Just 10 miles of scenic route separates the medieval Côte d'Azur town of Ste Maxime from its noisier, internationally celebrated neighbour, St Tropez, Mediterranean playground of the rich and famous. But for the Maximois, this short stretch along the French Riviera has become a highway to hell as up to 30,000 vehicles a day bisect the town at the height of summer, causing "monstrous" traffic jams.
Not only do the visiting hordes crawl through Ste Maxime at a snail's pace, paralysing emergency services and public transport and polluting the atmosphere with noise and fumes, but they do so without so much as a backward glance, complain the locals.
As a result, Ste Maxime suffers all the hassle and none of the benefits of St Tropez's popularity, they say. "We have had enough. For 30 years we have put up with this, but we can do so no longer," Vincent Morisse, the mayor of Ste Maxime, who led a recent street demonstration of angry citizens demanding action, told the Observer.
"It creates really monstrous jams," he added. "And it's not just tourists who are affected, but locals. Firms have difficulty making deliveries and it takes an hour and a quarter to get to the hospital; not to mention the pollution. It is catastrophic. Can you imagine the authorities letting this happen in Paris? I think not."
If you are going to get stuck in a traffic jam for up to three hours, the Côte d'Azur, where locals claim the sun shines for 300 days a year, and where the sparkling Mediterranean laps gently at pristine white-sand beaches, certainly beats the M25. Ste Maxime sits at the north of the stunning Gulf of St Tropez protected from the strong, cold and dry mistral wind by the Massif des Maures mountain range, and facing its neighbour, the preferred summer playground for the international celebrity set, and an endless stream of artists, singers, Hollywood stars and Russian oligarchs, across the gulf.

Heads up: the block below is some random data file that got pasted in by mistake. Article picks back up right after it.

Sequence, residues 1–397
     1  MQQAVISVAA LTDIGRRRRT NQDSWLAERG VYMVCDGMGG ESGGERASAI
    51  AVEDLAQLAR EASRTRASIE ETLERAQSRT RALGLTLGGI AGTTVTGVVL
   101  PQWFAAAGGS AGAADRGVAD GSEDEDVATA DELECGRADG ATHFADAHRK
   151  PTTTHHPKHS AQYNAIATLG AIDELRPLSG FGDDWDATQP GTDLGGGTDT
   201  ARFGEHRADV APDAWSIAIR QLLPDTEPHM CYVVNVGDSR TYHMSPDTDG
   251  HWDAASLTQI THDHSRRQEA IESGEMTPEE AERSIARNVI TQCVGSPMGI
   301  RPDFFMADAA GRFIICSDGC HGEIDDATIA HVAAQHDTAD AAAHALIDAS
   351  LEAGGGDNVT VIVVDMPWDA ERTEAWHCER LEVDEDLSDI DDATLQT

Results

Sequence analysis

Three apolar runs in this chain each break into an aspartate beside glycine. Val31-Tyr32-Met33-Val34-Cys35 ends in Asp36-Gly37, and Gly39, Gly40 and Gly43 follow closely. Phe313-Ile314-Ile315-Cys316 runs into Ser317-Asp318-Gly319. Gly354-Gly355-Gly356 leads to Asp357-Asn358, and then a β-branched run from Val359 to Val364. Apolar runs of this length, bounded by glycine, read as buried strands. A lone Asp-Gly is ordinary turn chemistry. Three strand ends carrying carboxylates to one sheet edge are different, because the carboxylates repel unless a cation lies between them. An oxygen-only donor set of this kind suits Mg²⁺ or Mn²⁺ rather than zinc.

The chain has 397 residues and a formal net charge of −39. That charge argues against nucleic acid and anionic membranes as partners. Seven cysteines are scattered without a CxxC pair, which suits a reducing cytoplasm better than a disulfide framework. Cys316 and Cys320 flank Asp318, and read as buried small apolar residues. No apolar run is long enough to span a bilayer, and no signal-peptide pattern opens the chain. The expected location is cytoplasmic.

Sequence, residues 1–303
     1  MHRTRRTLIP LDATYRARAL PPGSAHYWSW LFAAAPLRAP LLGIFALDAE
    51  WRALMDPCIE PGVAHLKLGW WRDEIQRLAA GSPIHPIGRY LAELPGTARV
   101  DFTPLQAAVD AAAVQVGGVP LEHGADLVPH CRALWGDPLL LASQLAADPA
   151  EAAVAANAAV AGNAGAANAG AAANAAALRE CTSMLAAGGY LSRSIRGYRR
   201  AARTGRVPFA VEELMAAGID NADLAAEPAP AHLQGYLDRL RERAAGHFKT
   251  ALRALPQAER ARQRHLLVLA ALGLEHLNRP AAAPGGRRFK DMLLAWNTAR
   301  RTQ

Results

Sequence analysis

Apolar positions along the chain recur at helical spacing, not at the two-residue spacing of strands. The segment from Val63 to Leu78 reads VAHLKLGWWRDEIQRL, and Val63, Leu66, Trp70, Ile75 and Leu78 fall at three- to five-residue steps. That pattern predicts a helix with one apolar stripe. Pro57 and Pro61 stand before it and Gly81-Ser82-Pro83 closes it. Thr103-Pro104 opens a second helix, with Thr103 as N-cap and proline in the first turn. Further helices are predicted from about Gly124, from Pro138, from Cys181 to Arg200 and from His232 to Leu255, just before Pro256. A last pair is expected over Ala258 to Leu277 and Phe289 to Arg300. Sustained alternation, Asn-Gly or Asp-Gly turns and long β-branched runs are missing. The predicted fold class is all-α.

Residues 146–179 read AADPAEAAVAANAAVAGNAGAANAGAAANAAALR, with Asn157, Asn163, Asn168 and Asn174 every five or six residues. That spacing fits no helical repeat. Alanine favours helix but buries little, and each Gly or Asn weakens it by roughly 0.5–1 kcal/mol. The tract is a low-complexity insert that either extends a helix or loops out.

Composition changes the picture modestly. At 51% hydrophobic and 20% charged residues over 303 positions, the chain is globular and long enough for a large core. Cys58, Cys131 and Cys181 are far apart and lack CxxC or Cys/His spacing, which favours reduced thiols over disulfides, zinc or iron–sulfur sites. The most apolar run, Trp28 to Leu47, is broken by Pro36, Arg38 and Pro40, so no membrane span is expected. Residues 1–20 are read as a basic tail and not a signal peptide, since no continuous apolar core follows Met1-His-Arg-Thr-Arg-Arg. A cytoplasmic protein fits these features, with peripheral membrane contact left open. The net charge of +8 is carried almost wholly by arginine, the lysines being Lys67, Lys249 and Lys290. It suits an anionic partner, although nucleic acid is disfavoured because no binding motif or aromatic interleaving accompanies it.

The town was founded 1,000 years ago by monks from the Lérins islands off Cannes, a few miles along the coast; the brothers started with a monastery and named the village after one of their saints, known in the Provençal Roman dialect as Santa Maxima.
For centuries, fishing was the main industry, then olive oil, wine and cork. In August 1944 the beach of Ste Maxime was at the centre of Operation Dragoon, the Allied invasion of southern France. In the 20th century the village attracted artists, poets and writers. Footballer David Ginola was born here, actress Emmanuelle Béart grew up just outside the town and Jean de Brunhoff wrote his first Babar the Elephant book in Ste Maxime. Among the town's grandest visitors are members of the Swedish royal family, who own a villa in the town centre.
Unassuming Ste Maxime has never sought to compete with its more famous neighbour but it has played a vital, if unrewarded, role in the success of St Tropez, which has no train station or motorway link.
Today, however, the residents of Ste Maxime have had enough of being ignored and inconvenienced and are demanding that the regional authorities construct a bypass around them.
Jean-Pierre Duprilot, vice-president of the Ste Maxime Sites Association, which organised a demonstration of 200 residents at the end of August, said that the problem has been getting steadily worse for at least 20 years. He says that, for every 100 vehicles that enter the town, 70 leave for St Tropez. "The small traffic hold-ups used to be part of the charm of the St Tropez gulf and used to be worse in the summer when there were a lot of holidaymakers. But today we live all year round with infernal traffic jams," he said.
"For 30 years the road authorities haven't lifted a finger on this road. And in this period the traffic has increased tenfold, not to mention the fact that the population of Ste Maxime has gone from 7,000 to 12,000 inhabitants."
Morisse does not know where the money will come from to build the road, but insists that it will have to be found. "It is urgent and imperative that we have a road to take this traffic away from us. This cannot go on.".